The WTH moment of the race had to be Williams scuttling the race of Valtteri Bottas by fitting a Prime tire on the right rear while the Option tires were on the remaining three wheels. This is a breach of regulations that forced a drive-through penalty taking Bottas well out of contention for a podium and allowing his teammate, Felipe Massa, to surge ahead of him in the Driver’s Championship. The team seem to continue struggling with some of the basics in pit stop and team strategy and for a team that has been in Formula 1 as long as they have, it seems unacceptable as evidenced by the body language of Bottas post race.
Ferrari/Pirelli get a WTH for the Belgian GP as Sebastian Vettel was livid having missed a podium finish when his right rear tire exploded just after Eau Rogue which brought back memories from Friday when Nico Rosberg suffered a similar event.
Pirelli said they reckoned the Rosberg issue was a piece of debris while they were quick to suggest that Ferrari’s tactical gamble of a one-stopper for Vettel was a lap too far for the tire. Vettel said:
“Things like that are not allowed to happen,” he told the BBC.
“If it happened 200 metres earlier, I’m not standing here now, I’d be stuck in Eau Rouge.
“I don’t know what else needs to happen.
“I tell you what’s upsetting. What’s upsetting for one thing is the result. We deserved to finish on the podium.
“The other thing, like I said, if this happens earlier…
“[Tyres are] a theme that keeps coming around, that nobody is mentioning, but is unacceptable.”
“What was the answer [from Pirelli]? The same as every time: ‘yeah, well there was a cut, debris, there might be something wrong with the bodywork, the driver went wide’,” said Vettel.
“If Nico tells us he didn’t go off the track, then he didn’t go off the track.
“Why should he lie to us?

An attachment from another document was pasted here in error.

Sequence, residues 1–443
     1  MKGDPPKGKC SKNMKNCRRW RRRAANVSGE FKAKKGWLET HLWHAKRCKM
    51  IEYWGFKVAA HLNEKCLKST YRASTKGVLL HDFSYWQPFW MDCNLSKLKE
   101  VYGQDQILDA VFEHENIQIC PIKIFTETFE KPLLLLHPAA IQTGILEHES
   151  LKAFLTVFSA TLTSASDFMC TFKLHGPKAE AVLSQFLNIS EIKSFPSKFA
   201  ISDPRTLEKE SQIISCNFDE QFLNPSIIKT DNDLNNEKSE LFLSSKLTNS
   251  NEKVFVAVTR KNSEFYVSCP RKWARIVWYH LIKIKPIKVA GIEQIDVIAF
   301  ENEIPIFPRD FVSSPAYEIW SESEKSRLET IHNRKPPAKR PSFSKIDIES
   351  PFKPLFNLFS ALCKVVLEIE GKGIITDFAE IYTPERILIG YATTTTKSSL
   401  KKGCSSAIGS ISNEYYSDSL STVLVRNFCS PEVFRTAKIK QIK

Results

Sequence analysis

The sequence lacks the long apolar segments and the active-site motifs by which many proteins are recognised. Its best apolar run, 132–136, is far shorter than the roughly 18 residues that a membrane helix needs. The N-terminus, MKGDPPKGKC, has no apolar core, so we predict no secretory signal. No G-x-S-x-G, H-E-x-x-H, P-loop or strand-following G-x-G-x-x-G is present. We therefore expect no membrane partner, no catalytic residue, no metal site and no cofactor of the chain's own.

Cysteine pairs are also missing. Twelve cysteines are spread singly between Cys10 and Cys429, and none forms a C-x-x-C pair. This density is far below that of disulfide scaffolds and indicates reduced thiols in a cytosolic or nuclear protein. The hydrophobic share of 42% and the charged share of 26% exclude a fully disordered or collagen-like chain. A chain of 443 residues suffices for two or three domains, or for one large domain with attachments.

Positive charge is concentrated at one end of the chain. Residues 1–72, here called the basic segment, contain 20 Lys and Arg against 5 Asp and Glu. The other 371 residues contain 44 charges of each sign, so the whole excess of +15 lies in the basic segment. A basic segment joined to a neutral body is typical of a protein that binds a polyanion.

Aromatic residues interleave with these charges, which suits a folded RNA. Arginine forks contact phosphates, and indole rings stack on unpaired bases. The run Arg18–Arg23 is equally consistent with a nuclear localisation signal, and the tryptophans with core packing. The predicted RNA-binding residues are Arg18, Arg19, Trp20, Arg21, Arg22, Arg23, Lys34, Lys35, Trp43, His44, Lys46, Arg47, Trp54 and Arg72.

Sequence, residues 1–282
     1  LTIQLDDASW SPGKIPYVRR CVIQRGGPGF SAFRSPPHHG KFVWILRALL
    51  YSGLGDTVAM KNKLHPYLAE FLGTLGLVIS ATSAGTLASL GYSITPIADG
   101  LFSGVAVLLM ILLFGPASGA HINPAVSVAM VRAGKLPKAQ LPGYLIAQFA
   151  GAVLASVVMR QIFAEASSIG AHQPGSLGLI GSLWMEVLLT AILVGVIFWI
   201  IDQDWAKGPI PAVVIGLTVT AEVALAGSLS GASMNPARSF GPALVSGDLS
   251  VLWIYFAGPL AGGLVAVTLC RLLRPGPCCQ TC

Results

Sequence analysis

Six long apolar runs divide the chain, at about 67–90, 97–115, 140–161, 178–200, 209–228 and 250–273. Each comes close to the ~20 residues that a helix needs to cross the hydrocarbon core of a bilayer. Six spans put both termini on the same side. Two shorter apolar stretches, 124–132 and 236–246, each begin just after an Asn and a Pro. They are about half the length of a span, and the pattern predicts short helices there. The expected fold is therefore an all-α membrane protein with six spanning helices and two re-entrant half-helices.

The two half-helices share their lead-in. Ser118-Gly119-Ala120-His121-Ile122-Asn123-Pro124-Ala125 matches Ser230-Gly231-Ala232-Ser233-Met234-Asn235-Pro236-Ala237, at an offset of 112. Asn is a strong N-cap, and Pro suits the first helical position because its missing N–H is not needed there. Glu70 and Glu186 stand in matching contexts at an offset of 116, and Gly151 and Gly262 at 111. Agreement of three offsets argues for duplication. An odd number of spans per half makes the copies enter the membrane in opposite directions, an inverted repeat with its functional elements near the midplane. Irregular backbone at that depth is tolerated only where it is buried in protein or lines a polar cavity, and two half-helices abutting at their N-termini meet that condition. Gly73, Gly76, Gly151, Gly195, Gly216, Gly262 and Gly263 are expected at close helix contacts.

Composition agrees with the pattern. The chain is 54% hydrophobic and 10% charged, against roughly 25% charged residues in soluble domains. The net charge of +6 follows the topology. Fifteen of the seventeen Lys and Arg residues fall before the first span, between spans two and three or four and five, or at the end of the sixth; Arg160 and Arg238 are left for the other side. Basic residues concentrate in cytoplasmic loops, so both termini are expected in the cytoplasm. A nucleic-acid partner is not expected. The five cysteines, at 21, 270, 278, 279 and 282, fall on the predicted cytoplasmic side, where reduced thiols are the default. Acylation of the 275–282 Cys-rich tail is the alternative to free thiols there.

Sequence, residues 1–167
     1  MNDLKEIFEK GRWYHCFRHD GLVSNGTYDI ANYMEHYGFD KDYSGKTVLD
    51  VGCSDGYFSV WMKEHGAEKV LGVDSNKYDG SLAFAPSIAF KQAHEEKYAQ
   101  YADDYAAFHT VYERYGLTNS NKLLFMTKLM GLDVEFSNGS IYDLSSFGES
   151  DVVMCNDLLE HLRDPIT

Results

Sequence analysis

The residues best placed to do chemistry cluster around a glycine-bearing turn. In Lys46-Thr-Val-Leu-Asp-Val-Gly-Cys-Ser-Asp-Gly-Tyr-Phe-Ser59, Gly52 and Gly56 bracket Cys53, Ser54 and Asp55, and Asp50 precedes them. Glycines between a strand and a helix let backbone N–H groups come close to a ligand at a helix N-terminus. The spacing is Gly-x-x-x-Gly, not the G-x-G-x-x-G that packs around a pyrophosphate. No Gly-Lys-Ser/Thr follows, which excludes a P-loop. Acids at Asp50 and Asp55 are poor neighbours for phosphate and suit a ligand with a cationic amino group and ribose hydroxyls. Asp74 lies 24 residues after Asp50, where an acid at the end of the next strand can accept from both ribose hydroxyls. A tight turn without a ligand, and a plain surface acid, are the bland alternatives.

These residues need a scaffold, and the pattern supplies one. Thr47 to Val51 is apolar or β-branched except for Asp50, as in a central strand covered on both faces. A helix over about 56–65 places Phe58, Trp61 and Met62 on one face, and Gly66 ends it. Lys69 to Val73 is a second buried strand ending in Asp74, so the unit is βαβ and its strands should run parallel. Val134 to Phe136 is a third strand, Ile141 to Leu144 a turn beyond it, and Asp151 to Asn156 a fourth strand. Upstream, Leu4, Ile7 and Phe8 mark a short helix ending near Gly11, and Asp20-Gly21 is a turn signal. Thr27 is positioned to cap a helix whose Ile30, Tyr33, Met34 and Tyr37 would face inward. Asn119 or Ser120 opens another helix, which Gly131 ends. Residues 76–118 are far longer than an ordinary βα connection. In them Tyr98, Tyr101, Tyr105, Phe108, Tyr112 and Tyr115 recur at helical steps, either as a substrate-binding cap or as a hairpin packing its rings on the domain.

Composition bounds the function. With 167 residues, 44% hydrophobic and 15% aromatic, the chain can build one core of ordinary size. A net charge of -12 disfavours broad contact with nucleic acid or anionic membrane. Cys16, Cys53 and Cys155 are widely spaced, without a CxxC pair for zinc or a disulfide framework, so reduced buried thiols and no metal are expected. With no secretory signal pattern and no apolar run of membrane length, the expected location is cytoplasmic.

“It’s the same with me, I didn’t go off the track, just out of the blue the tyre explodes.
“If this happened earlier then I’m f****d.
“It’s probably not as bad as it was at Silverstone some years ago [when Pirelli had a spate of failures in 2013] but it’s not acceptable.”
Pirelli’s Paul Hembery was careful not to rebuke Vettel’s outrage too strongly with a measured understanding of the driver’s frustration but he did suggest that Ferrari took the gamble and ran too long on the tires saying:
“It was at the end of wear-life,” said Hembery. “Any tyre in the world, when it gets to the end of its wear-life, you’re going to have a problem.
“[He did] 28 laps, it was more we thought the strategy would be based on two or three stops, as the majority did, but they clearly felt they could make it work on the one stop. They obviously felt that was feasible.
“Wear-life was indicated at around 40 laps, but it’s an indication and race conditions can change that and some factors involved in racing mean that sometimes it’s not a precise datum. Other teams were taking a different direction.”
“Rosberg was an external cut; this was pure wear,” he said. “The images show the carcass was still intact [on Vettel’s blown tyre]. If the race was one lap less, he’d be on the podium and we’d be calling it a genius move – sometimes the margins are very fine. So it’s tough.”
As for Vettel’s harsh words? Hembery said:
“You’ve got to give him the benefit of doubt.
“He’s a driver, he’s been out there and frustrated that he’s only one lap away from getting a result. So I’m not going to criticise him for that.”
Overall, Spa didn’t disappoint but perhaps you like the circuit when it’s wet and in that case, you may have been slightly annoyed. The race weekend was sunny, dry and delightful as was the race and victory by Lewis Hamilton.
|4||Daniil Kvyat||Red Bull/Renault||45.692s|
|5||Sergio Perez||Force India/Mercedes||53.997s|
|8||Max Verstappen||Toro Rosso/Renault||56.076s|
|13||Fernando Alonso||McLaren/Honda||1 Lap|
|14||Jenson Button||McLaren/Honda||1 Lap|
|15||Roberto Merhi||Marussia/Ferrari||1 Lap|
|16||Will Stevens||Marussia/Ferrari||1 Lap|
|–||Carlos Sainz||Toro Rosso/Renault||Retirement|
|–||Daniel Ricciardo||Red Bull/Renault||Retirement|
|–||Nico Hulkenberg||Force India/Mercedes||Not started|